A community is in shock after two tragic child abuse cases
Thu, 07 Jul 2011 20:59:52 GMT —
The Mid-Michigan community is in shock as one toddler is dead and another is fighting to survive in two unrelated cases of what appear to be fathers abusing their children.
Neighbors say they could hear a little boy TMs cries and screams coming from a town house in Flint on July 3rd. They tell NBC25 that they TMd heard possible signs of abuse before. "I saw the child, several times he looked scared for his life, a neighbor named Angela told NBC25 Thursday. This time, though, Angela said she couldn TMt just stand by. The baby was crying for help and she was beating him or throwing him down the steps or whatever, Angela described. So, she called 911 - an act that may have saved this child TMs life.
Police arrived at the scene, and soon realized that the 2-year-old boy had been beaten, and had wounds from what appeared to be from a baseball bat. The child TMs father, 37-year-old Michael Wilkinson, has now been charged with First Degree Child Abuse and faces 15 year behind bars if found guilty. Flint Police are looking for Wilkerson TMs girlfriend, 25-year-old Gwendolyn Lorraine Thomas, who also faces First Degree Child Abuse charges in the case.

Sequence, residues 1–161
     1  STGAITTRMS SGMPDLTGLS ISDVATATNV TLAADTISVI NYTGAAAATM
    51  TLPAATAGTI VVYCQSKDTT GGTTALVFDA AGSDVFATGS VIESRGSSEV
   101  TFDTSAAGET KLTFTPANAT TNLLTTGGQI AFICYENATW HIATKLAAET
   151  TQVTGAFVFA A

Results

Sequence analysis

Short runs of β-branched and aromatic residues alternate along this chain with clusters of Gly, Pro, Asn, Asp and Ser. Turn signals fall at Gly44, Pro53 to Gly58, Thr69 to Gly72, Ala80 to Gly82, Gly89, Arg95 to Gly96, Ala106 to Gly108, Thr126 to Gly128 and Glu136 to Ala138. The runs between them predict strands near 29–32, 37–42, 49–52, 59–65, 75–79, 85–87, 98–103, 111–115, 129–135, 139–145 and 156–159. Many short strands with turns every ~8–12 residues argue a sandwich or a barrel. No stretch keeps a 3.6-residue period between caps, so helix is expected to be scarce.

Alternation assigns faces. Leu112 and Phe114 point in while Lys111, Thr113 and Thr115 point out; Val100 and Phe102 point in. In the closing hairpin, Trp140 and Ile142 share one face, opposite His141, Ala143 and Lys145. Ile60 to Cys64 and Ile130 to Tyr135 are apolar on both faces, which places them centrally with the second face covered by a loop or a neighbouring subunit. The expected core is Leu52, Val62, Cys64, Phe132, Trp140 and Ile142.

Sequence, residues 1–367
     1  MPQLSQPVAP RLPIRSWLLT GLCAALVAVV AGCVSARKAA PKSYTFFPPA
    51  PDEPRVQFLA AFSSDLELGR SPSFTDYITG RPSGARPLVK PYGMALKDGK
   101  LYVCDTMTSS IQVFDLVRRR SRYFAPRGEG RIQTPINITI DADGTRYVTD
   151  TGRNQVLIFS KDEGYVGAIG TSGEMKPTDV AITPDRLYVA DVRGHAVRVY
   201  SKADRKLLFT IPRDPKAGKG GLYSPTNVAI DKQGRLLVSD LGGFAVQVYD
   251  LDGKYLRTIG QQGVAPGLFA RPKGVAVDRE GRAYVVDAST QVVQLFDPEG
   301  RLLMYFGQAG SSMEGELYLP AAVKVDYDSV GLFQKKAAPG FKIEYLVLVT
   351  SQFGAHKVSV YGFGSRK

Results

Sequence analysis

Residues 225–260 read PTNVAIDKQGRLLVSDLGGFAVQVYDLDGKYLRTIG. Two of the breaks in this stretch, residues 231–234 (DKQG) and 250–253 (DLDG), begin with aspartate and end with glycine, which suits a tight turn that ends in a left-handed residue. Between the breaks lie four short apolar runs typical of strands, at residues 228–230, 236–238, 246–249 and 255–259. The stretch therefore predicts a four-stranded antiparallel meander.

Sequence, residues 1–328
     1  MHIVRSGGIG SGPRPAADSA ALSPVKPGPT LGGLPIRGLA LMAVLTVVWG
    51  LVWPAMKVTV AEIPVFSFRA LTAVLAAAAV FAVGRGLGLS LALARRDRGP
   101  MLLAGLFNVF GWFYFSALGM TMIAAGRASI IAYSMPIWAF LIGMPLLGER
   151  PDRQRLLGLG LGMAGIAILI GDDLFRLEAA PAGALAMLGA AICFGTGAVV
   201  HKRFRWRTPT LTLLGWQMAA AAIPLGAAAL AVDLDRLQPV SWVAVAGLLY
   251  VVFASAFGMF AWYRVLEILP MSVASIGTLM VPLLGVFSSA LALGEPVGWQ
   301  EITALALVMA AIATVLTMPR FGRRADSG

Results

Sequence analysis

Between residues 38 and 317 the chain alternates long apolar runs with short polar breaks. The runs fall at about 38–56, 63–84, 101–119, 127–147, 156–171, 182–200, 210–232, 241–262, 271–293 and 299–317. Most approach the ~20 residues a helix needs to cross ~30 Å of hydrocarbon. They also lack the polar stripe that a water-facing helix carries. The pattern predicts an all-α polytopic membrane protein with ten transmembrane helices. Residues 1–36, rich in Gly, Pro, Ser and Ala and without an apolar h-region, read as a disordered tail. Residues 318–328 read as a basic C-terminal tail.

Friends and family of this little boy are now accepting donations at the River Park Townhouses Community Center.
Sadly, another child TMs similar story didn TMt end with a rescue.
On the same day, July 3rd, police were called to a home on Donal Drive in Flint Township for reports of a little 2-year-old girl not breathing.
When they arrived, they found little Tiarra Woodward, with what appeared to be human bite marks and signs of beatings all over her body. They rushed her to Hurley Hospital, but it was too late. She passed away.
Now, Tiarra TMs dad, 21-year-old Donovan Lamar Haynes, has been charged in connection to her death. If found guilty, he faces life in prison without parole.
Law enforcement officials around Mid-Michigan all have the same reverberating theme: you can help prevent cases like this. Fortunately, Angela stepped up and called 911 before it was too late. Perhaps if someone had reported Tiarra TMs abuse, she too could have been rescued.
If you believe a child is being abused, you can call the U.S. Department of Health and Human Service Hotline at 1-800-4-A-CHILD, or you can contact your local police.